How These 10 Iconic Movie Sound Effects Were Created
Feb 17, 2016 12:58
Sound is such an important part of film that without it, you might actually not enjoy it that much. While we don't consciously listen for it, it does play a huge part in how we judge a film. Here are some of how the most iconic sounds were created.
Wolverine’s Claws: X-Men (2000)
“For the claw sound, essentially there were two main elements I was working on,” X-Men sound designer Craig Berkey told Gizmodo. “One was the metallic blade sound, as it goes in or out. The other was the actual physical sound of something going through flesh and retracting.” Gross.
T. Rex: Jurassic Park (1993)
“The way they animated the T. rex was very doglike, especially when it grabs the Gallimimus and the lawyer and shakes them to death,” sound designer Gary Rydstrom told Vulture. “Every day I would see my dog playing with the rope toy and doing exactly that, pretending like he’s killing his prey.”
The Shower Scene: Psycho (1960)
“In a recording studio, prop man [Bob] Bone auditioned the melons for Hitchcock, who sat listening with his eyes closed,” writes Stephen Rebello in Alfred Hitchcock and the Making of Psycho. “When the table was littered with shredded fruit, Hitchcock opened his eyes, and intoned simply: ‘Casaba.’”
Boulder chases Indy: Raiders of the Lost Ark (1981)
“One afternoon we were coming down one of the hills here in a little Honda Civic station wagon that belonged to the sound department,” Ben Burtt told the Los Angeles Times. “We were coasting on the road that had big rocks—sort of baseball size rocks. There was this great crunching and rumbling of a sound with the car moving over the rocks. I thought, ‘My God that could be the boulder!’”
Godzilla’s Roar: Godzilla (1954)
“It was actually a double bass, using a leather glove coated in pine tar resin to create friction,” sound designer Erik Aadahl told NPR of the original Godzilla. “They’d rub it against the string of the double bass to create that sound.”
The film’s composer, Akira Ifukube, had the idea to use musical instruments to create the monster’s iconic sound instead.
Lightsabers: Star Wars (1977)
Sound designer Ben Burtt created the distinctive sound by combining the hum of an idle film projector and the buzz from an old TV set.
“The motors made a musical ‘hum,’ which I felt immediately would complement the image in the painting,” Burtt explained to filmsound.org. “I recorded that motor, and a few days later I had a broken microphone cable that caused my recorder to accidentally pick up the buzz from the back of my TV picture tube. I recorded that buzz, and mixed it with the hum of the projector motor. Together these sounds became the basis for all the lightsabers.”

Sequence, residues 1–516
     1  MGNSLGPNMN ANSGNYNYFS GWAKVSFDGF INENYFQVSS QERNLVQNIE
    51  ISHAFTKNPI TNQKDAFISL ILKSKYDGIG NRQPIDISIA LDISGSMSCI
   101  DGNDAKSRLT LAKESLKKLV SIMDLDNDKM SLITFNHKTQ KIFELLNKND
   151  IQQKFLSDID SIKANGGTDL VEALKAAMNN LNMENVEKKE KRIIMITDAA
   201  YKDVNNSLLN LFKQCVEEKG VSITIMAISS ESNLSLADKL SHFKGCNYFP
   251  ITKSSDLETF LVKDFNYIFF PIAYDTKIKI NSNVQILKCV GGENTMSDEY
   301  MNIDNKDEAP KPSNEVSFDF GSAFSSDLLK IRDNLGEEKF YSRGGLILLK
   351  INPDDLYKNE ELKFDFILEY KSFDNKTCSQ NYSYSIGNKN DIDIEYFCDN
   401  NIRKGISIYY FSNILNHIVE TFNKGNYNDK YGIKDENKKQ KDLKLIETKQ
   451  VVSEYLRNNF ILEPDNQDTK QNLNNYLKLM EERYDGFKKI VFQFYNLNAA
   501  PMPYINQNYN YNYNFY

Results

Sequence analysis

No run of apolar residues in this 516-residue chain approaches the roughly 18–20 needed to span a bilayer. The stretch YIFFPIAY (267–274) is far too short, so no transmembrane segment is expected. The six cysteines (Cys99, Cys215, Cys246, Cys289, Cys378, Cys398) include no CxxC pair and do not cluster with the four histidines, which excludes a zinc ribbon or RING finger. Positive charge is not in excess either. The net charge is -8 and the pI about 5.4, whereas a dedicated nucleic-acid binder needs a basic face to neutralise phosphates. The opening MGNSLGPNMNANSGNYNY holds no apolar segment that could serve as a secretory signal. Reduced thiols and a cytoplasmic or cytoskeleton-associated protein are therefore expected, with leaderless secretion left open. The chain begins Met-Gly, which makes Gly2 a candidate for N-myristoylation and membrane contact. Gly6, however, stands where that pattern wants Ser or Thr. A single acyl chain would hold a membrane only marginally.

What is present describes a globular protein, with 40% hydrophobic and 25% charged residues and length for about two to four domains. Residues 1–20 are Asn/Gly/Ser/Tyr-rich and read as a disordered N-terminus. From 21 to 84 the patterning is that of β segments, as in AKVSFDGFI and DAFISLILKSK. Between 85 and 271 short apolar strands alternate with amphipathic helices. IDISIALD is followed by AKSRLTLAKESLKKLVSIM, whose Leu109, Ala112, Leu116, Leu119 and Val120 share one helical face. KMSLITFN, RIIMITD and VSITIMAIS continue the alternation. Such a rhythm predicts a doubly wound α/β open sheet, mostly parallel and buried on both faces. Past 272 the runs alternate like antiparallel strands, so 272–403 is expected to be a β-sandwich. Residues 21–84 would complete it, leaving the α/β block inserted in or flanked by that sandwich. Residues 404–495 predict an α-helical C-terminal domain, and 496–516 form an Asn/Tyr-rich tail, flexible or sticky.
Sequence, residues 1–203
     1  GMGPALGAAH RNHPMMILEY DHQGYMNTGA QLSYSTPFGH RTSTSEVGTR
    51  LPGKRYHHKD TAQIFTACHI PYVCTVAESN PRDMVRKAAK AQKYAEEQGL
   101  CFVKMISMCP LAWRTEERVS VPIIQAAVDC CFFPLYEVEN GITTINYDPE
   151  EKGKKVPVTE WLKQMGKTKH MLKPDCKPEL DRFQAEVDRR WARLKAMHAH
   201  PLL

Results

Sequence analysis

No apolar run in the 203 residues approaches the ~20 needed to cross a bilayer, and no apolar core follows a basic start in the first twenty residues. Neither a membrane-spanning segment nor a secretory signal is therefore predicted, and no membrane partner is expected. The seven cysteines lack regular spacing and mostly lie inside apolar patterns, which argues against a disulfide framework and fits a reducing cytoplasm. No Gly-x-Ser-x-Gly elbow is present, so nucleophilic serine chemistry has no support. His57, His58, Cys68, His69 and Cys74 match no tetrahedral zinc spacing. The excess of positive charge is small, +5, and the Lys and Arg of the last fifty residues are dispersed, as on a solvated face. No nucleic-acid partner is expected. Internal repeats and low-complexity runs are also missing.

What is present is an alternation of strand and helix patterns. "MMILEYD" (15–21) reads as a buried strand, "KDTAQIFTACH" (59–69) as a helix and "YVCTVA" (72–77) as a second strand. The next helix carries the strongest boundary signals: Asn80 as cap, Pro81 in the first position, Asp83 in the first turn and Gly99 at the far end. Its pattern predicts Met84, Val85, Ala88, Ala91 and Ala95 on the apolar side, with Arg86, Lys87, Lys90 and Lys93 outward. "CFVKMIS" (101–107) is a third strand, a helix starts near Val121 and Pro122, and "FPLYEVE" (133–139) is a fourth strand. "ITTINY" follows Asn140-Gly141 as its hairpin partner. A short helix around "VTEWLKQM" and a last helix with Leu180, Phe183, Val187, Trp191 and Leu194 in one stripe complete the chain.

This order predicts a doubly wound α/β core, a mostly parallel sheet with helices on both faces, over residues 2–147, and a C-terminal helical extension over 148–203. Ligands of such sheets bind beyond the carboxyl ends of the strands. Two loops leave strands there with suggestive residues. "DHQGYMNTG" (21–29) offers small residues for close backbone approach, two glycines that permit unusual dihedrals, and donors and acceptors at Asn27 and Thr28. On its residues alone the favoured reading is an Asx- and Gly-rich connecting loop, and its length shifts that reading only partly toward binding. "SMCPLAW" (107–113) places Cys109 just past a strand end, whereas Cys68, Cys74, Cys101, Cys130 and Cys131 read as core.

Warp Drive: Star Trek (2009)
“The original warp drive sound was a very musical tone that ramped up and down in pitch, with all kinds of hum and distortion, and it was undoubtedly produced with a test oscillator going through a plate reverb chamber,” Ben Burtt told synthtopia.com. “I wanted to go back to that musical idea, and get something with an emotional feel to it, so I reproduced that sound in exactly the same way in analog fashion, using a 1960s-era test oscillator that was once in the physics department at my old school, Allegheny College. I went back there and actually found that oscillator in a basement, and brought it back with me to use on the movie.”
T-1000 Sliding through jail bars: Terminator 2: Judgement Day (1991)
“What’s amazing to me is the combination of Industrial Light & Magic using millions of dollars of high-tech digital equipment and computers to come up with the visuals, and meanwhile I’m inverting a dog food can,” Gary Rydstrom said.
Balrog: The Lord of the Rings: The Fellowship of the Ring (2001)
“I think my favorite moments are the very first ones when he’s sort of waking up in the distance,” Sound designer David Farmer told DesigningSound.org. “The rock grinds were all by themselves in several places as vocals, but there were also moments where it really needed a vocal bellow. I used donkeys and horses for the bellows and also any pain vocals.”
The Wilhelm Scream: Used in multiple movies
“The Wilhelm Scream” is a legendary sound effect used in various films often times when someone falls from a great height or during an explosion of some kind. It was first used during the 1951 film Distant Drums when an alligator attacks a soldier, played by actor/singer Sheb Wooley, and drags him underwater.
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